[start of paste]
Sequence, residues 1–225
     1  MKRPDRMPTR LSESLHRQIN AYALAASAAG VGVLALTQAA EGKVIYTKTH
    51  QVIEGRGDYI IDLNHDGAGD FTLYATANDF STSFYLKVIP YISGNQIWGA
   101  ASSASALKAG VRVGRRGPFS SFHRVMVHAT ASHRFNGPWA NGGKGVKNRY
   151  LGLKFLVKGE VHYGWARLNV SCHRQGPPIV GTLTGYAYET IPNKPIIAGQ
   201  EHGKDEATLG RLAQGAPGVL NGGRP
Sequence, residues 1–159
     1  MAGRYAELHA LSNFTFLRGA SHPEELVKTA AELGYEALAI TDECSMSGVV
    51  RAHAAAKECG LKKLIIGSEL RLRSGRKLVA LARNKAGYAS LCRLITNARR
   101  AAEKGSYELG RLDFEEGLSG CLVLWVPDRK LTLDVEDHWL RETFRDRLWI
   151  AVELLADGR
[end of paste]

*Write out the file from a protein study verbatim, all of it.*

Sequence, residues 1–225
     1  MKRPDRMPTR LSESLHRQIN AYALAASAAG VGVLALTQAA EGKVIYTKTH
    51  QVIEGRGDYI IDLNHDGAGD FTLYATANDF STSFYLKVIP YISGNQIWGA
   101  ASSASALKAG VRVGRRGPFS SFHRVMVHAT ASHRFNGPWA NGGKGVKNRY
   151  LGLKFLVKGE VHYGWARLNV SCHRQGPPIV GTLTGYAYET IPNKPIIAGQ
   201  EHGKDEATLG RLAQGAPGVL NGGRP
Sequence, residues 1–159
     1  MAGRYAELHA LSNFTFLRGA SHPEELVKTA AELGYEALAI TDECSMSGVV
    51  RAHAAAKECG LKKLIIGSEL RLRSGRKLVA LARNKAGYAS LCRLITNARR
   101  AAEKGSYELG RLDFEEGLSG CLVLWVPDRK LTLDVEDHWL RETFRDRLWI
   151  AVELLADGR